No specific recipients are named – either a specific church or location, or a specific individual. Therefore, it may have been intended as an encyclical letter passed out to various churches to either accompany the Gospel of John, or to confirm the authenticity of the Gospel which had been received earlier. The careful use of the similar content would help confirm that the Gospel was, in fact, authentic.
Another possibility for the writing of the letter would be as a refutation of the Gnostic idea of who Christ was, and how that affected the doctrine and conduct of believers. The letter would be a carefully penned addition to the presentation of Christ in the Gospel to ensure that no theological manipulation of the Gospel would arise. Such aberrant doctrines would lead to moral decay. 1 John will address this, it will address core tenets of understanding Christ, and it will address the concept of the security of believers in salvation.
The placement of the Gospel of John after the three synoptic gospels (which are addressed specifically to Israel, under the Law of Moses), and the placement of John’s three epistles (which come after four letters directed specifically to the Hebrew people), both demonstrate a uniting of Jew and Gentile into one body. In both, the content is obviously directed to a body of believers without regard to such ethnicity but has content applicable to all people within the body. The very structure of the Bible provides insights into the nature of redemptive history.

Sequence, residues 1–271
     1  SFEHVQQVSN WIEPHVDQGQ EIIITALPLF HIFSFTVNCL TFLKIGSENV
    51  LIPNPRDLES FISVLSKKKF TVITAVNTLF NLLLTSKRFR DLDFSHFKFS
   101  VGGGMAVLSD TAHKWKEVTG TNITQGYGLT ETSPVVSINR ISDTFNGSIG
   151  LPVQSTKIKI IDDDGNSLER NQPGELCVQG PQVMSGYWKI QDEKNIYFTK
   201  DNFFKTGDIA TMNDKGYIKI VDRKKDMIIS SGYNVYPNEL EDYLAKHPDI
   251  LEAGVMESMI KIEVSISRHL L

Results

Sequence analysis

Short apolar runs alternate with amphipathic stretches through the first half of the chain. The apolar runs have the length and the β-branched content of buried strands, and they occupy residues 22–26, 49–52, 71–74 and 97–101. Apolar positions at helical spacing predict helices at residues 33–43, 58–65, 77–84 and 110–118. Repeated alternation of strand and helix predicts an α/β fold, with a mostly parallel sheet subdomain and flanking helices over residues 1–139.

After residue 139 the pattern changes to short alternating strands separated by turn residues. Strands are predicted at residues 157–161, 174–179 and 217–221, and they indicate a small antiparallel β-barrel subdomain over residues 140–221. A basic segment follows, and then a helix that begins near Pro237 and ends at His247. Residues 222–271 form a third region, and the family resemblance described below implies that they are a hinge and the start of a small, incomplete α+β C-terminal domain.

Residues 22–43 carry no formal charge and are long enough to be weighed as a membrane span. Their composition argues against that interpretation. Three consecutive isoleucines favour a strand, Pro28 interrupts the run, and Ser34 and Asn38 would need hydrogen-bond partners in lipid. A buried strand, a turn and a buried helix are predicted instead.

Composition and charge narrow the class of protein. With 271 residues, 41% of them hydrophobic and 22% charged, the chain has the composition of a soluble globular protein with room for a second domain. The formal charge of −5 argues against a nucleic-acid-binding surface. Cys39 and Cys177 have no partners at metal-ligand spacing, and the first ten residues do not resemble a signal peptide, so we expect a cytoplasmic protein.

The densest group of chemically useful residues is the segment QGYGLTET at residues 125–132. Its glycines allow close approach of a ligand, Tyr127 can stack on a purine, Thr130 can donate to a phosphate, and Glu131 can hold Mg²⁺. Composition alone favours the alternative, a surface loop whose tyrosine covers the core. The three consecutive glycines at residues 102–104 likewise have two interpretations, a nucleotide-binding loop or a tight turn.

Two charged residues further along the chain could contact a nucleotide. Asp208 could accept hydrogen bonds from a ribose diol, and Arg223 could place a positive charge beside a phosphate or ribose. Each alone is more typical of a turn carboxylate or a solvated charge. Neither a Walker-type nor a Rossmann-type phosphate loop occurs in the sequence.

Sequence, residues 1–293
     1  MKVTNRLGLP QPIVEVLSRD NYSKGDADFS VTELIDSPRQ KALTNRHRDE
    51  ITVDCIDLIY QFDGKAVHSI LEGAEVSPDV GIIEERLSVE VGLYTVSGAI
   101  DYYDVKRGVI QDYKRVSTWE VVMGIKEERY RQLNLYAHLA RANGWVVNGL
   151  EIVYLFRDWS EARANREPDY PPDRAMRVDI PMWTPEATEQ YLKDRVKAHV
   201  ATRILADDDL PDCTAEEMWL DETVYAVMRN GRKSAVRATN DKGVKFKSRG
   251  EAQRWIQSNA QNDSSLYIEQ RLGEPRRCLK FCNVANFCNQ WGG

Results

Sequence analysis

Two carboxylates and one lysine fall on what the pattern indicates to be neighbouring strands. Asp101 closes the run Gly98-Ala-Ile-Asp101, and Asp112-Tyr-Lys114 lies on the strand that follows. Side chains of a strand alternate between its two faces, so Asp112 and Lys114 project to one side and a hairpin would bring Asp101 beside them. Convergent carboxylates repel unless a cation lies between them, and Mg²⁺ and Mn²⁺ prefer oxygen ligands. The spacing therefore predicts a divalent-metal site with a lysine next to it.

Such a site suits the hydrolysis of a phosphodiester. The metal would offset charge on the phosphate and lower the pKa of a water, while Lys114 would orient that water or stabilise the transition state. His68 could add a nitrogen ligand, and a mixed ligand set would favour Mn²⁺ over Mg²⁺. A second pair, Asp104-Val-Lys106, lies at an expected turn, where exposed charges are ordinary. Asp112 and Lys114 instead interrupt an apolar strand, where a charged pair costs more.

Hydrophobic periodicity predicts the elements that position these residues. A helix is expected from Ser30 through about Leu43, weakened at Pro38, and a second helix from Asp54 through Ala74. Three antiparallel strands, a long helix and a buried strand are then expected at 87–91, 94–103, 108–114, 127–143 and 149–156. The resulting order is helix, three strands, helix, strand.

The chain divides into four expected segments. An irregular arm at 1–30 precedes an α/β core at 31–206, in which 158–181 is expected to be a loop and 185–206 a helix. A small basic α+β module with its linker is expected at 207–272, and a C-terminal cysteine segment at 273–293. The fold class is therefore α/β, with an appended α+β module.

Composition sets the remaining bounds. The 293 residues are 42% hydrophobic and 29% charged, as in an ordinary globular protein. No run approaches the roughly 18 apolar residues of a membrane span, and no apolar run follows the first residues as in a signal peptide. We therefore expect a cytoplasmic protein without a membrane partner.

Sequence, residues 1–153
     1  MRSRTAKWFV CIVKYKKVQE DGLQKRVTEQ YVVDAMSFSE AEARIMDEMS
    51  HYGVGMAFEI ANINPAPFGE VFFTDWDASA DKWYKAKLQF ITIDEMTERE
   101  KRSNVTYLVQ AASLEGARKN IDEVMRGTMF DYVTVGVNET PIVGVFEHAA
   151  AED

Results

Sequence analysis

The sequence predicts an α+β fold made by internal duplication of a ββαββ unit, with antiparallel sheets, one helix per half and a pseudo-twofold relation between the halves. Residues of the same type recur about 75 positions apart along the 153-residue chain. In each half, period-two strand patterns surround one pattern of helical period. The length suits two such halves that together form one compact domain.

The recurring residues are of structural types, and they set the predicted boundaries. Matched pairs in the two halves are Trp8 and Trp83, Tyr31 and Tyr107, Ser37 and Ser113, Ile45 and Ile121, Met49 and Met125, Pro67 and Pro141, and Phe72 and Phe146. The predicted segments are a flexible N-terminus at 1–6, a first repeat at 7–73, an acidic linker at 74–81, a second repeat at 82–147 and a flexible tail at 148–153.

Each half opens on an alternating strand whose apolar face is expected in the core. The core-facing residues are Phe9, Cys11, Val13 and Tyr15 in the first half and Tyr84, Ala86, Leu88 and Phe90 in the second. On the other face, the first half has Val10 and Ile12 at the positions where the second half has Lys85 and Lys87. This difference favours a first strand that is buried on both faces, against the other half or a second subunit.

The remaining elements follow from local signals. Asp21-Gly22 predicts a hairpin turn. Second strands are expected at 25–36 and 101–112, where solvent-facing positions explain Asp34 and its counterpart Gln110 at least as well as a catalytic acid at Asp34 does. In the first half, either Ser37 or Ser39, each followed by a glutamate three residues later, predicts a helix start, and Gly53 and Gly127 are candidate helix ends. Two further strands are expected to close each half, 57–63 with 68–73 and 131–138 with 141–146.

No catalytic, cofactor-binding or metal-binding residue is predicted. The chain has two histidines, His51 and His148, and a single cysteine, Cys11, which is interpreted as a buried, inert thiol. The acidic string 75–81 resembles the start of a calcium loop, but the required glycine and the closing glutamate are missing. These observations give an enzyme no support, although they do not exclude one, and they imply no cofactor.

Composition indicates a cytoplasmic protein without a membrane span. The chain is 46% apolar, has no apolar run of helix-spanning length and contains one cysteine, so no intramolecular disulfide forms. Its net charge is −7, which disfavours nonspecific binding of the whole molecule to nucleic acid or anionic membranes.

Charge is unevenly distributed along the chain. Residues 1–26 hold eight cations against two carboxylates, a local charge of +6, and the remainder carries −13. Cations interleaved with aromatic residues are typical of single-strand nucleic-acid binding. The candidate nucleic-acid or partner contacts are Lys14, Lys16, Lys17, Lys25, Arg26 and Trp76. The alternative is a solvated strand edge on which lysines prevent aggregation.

The main theme of 1 John is “Fellowship.” Thus, the main purpose of the epistle is “To combat moral laxity and error about the Person and work of Jesus Christ.”
The main presentation of Christ in the epistle is “Jesus Christ, the Life.”
A short review of the book includes the following –
Author – The Apostle John
Date – Mid-80s to mid-90s
Theme – Fellowship
Purpose – To combat moral laxity and error about the Person and work of Jesus Christ.
Presentation of Christ – The Life
A limited outline of the book would be –
The Book of 1 John – Light, Truth, and Love
- Sure knowledge of the truth.
- Purpose of letter.
- Final greeting.
- Jesus Christ, the Light of life.
- Love for the brethren, not the world.
- Abiding in Christ.
- Proof of the Spirit’s indwelling.
- Overcomers in Christ – the knowledge of the truth.
Life application: We hope that you will spend the next 105 days of your life learning the book of 1 John, one verse at a time. From there, we hope you will apply its truths to your life, molding yourself more each day into being a faithful and wholehearted follower of Jesus Christ, to the glory of God the Father.
Lord God, may we, as believers in Christ Jesus, be faithful in studying Your word, accepting its truths as revealed in proper context, and then applying those truths to our walk with You. Help us to pursue Jesus Christ, our Life, Light, and Truth. Help us to pursue the Word made flesh as revealed in Your precious written word. To Your glory we pray. Amen.